I am not a fan of Abhidhamma simply because scholars have proven beyond doubt that it is not a preaching of the Buddha. All what it does IMO is that it complicates things for the practitioner.

Samma Sati is the four establishings of mindfulness ie; body, feeling, mind and mental objects. It is called Samma because it is the true nature of body, feeling, mind and mental objects which one is mindful of.
With Metta

Nor have scholars proven beyond doubt that anything else IS a a preaching of the Buddha.

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You are absolutely correct. My point is that, again this is my personal view based on my own understanding of the teaching, Sutta Pitaka alone is sufficient for achieving liberation. Abhidamma too I think has its usefulness but it is not a necessity for liberation because as I said Suttas alone can do it.
With Metta

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That’s reasonable.

For some, Abhidhamma opens fruitful pathways of practice through investigation in more detail what the Buddha s/t only sketched. For others not so, who may be less inclined to such an analytical approach.

Generalizing one’s own preferences (as if they were true for everyone) can be a risky sort of view-holding.

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Link to discussion on DW

https://dhammawheel.com/viewtopic.php?f=13&t=31179&p=457082#p457082

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I would say Yoniso Manasikara means wholesome mental factors and the Ayoniso Manasikara is Unwholesome mental factors.
Hence Samma Sati is Yoniso Manaskikara.
ie: Samma Sati is only one of the many wholesome factors.
Am I right?

Manasikara is ‘menehi kireema’ (reflection). It could mean ‘mind-act’, to put it bluntly. It doesn’t mean wholesome actions which is termed ‘kusala’. Instead it is a practice that leads to kusala. It is also only one practice that leads to kusala (it isn’t the only method of reaching kusala). Apart from leading to wholesome emotions (samatha) it also leads to panna/wisdom (Right view), as part of broader vipassana framework.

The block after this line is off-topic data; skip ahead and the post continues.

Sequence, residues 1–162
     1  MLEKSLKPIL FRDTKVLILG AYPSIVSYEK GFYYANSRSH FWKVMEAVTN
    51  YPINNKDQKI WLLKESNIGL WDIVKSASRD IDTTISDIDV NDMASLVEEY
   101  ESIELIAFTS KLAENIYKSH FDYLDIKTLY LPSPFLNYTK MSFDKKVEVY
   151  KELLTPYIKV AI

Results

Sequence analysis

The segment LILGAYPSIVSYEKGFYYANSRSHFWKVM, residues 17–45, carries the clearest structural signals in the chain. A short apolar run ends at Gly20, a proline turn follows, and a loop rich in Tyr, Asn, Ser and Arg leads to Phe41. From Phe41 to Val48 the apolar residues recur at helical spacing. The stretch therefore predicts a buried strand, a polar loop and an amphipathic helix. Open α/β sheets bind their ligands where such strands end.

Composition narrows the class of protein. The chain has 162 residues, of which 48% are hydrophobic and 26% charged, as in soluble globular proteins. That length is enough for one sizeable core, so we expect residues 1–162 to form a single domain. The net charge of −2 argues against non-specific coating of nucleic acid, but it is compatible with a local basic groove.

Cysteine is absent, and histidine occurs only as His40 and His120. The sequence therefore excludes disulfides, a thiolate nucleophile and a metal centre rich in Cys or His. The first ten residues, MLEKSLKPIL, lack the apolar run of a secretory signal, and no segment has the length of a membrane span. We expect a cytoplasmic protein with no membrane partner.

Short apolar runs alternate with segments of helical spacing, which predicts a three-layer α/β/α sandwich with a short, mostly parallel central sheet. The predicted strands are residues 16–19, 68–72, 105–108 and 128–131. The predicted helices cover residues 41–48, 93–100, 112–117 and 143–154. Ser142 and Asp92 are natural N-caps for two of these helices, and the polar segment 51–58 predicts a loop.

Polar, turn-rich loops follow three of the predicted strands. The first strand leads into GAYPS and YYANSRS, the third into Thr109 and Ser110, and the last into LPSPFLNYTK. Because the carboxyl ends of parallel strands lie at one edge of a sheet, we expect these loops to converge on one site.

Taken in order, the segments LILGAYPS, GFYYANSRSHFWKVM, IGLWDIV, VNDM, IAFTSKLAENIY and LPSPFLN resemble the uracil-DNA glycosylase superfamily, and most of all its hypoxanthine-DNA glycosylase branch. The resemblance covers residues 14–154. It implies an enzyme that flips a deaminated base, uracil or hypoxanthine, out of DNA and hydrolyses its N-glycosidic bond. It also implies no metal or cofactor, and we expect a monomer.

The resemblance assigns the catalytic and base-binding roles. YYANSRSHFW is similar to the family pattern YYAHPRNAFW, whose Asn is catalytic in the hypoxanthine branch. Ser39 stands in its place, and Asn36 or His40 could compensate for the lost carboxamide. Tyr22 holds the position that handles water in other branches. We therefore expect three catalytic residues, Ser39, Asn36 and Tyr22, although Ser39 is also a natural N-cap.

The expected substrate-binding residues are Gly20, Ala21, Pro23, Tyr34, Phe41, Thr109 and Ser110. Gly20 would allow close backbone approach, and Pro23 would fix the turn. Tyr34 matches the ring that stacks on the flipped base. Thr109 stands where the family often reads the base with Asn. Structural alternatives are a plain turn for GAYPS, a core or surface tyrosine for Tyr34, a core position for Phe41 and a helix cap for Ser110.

with metta

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This is interesting. Let me try a simile. Suppose there rules a king over a country. This king has a mighty army which protects the four corners of this country. The king looks after the army very well and army in return takes care of the king and the country. Because of this mutual relationship the country overall is prosperous and peaceful.
Now this king is Sati, the mindfulness and the mighty army is the radical attention which protects the four corners of the four establishings of mindfulness. The whole country which is prosperous and peaceful is the wholesome mental state.
In short, Sati, yoniso manasikara and wholesome states co exist.
I am sure others can express this better but this is my two cents.
With Metta

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Thank you, Nimal.
Is Manasikara “Menehi Kirima” in Sinhalrase?

I would say it is the nature of the mind (Sithe Akaraya/Swabhawaya)
With Metta

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I agree.
We (Sri Lankan) use the term Manashara in our day to day language and this is the meaning we use it for.

then what is the difference, for you, between sammā samādhi and sammā sati, because for me they go like this:

sammā samādhi - right maintenance (in the present)

sammā sati - has the original meaning of right memory (about the past, recollecting past births, of course reversed from the tradition listing of the Noble Eightfold Path)

sampajañña/yoniso manasikāra - direction (for the future), seeing the rise and fall of beings (firstly within us) according to their kamma

vijjā - knowing the direction works or not for us in personal experience

Thanks for that, but I don’t think you are taking into account semantic shift and that texts from different periods would reflect changes in meaning. I have found this is usual in traditional Buddhism and even in ‘early Buddhist’ studies. I have not found any research on the possibility of semantic shift in Pāli, as acknowledged in other languages and believe it reflects an unwholesome faith in the commentaries.